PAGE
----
Life, Experience, and Learning

During the week of October 11-17, 2013, MWSRP staff members Ben Fothergill and Rachel Bott facilitated and taught a class on climate change, ocean acidification, and whale shark research for students from the American School of Doha. The week long service-learning trip was based on the local island of Dhigurah in South Ari Atoll, Maldives. 


A group of 21 students and 3 teachers from the American School of Doha visited Dhigurah Island, South Ari Atoll, Maldives for a service-learning trip of a lifetime.

Facilitated by International Travel for Schools (ITS) and MWSRP, the goal of the programme was to enhance students’ understanding of climate change – specifically ocean acidification. Ben and I were thrilled to expose the special world of Maldives’ marine environments to the students. There was a lot to cover during the short week and we decided to give the students a mixed approach of both theoretical coursework and experiential learning activities. The students found themselves both in the classroom and out under the hot Maldivian sun searching for whale sharks and other exciting marine life.


The days were filled with fresh air and cool sea breezes, swimming with whale sharks and actively collecting scientific data, meeting the local students, and sharing cross-cultural experiences.

Student capturing the photograph necessary for identifying individual whale sharks.

Student capturing the photograph necessary for identifying individual whale sharks.

Their coursework was filled with lectures on subjects such as coral reef ecology, current global pressures on the earth’s environment, climate change, and ocean acidification. It seems we were really able to engage the students in these subjects – a couple had never heard of ocean acidification before and it was nice to have meaningful discussions with them about this.

During our mornings and afternoons on the South Ari Marine Protected Area (S. Ari MPA), the students were lucky to encounter several different whale sharks (Rhincodon typus) which they were able to swim with and document as part of active research. In addition, the students were also visited by pods of spinner dolphins, inquisitive turtles, and endless reef inhabitants such as large schools of morish idols and trigger fish. Being able to take their lessons and thoughts from the classroom and apply them while in the water had a tremendous impact on their experience.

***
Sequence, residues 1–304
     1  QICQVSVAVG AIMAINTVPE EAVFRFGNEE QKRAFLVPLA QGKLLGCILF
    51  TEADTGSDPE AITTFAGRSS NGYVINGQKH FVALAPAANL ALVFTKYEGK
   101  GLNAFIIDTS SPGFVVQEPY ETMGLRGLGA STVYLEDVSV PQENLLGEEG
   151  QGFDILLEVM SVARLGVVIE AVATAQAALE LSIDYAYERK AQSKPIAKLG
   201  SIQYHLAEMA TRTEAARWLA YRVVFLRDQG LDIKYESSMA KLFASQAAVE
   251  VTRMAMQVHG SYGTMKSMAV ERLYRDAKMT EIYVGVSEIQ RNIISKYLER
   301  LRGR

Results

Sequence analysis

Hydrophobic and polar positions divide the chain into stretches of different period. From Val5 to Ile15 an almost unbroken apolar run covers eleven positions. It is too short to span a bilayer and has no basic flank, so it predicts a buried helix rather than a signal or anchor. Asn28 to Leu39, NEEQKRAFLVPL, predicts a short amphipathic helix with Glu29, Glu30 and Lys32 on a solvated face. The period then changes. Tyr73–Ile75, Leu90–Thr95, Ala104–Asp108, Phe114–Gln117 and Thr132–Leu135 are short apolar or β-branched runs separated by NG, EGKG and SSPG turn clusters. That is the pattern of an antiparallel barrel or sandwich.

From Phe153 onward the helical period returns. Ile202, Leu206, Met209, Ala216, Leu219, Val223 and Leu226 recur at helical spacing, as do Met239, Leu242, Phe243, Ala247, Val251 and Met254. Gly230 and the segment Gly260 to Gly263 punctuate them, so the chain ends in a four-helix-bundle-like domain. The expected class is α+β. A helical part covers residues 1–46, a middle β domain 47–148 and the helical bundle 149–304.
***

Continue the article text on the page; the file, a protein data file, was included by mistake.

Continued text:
Principal Mr. Fayaz, captures the beach cleaning efforts.

Principal Mr. Fayaz, captures the beach cleaning efforts.

The students were fortunate to share a variety of unique adventures.

They tried their hand at night fishing, danced to the beat of the local Boduberu drums, and engaged in sports matches against their new Maldivian friends. The group also teamed up with the students from their host island’s school and embarked on a mass beach clean to help maintain the pristine beaches of the island.

They also visited a local school on a neighbouring island and were shown what life is like in a Maldivian school. After a brief presentation, the group was also shown some of the island’s unique features, which included a visit to a beautiful mosque and the island’s Banyan trees that date back to 350-400 years old. The vines of which apparently make for a sturdy swing as instructed by the local students.

Swinging from the vines of the native Banyan tree.

Swinging from the vines of the native Banyan tree.


Not only was this field trip an opportunity for the students to visit an idyllic tropical paradise, but the excursion also provided the group with a wealth of experiences.

They were able to immerse themselves in island life – to discover for themselves what it is to be a student in a Maldivian school. They documented and recorded whale sharks in their natural environment and how to identify them and critically understand the pressures affecting them. And they were able to learn about global pressures, which will affect and change the Maldives within their own lifetime.

The list is endless and the shared memories will be remembered forever. I hope they continue to don their mask and snorkels, remain passionate about current climate stresses, and keep adventuring!

– Rachel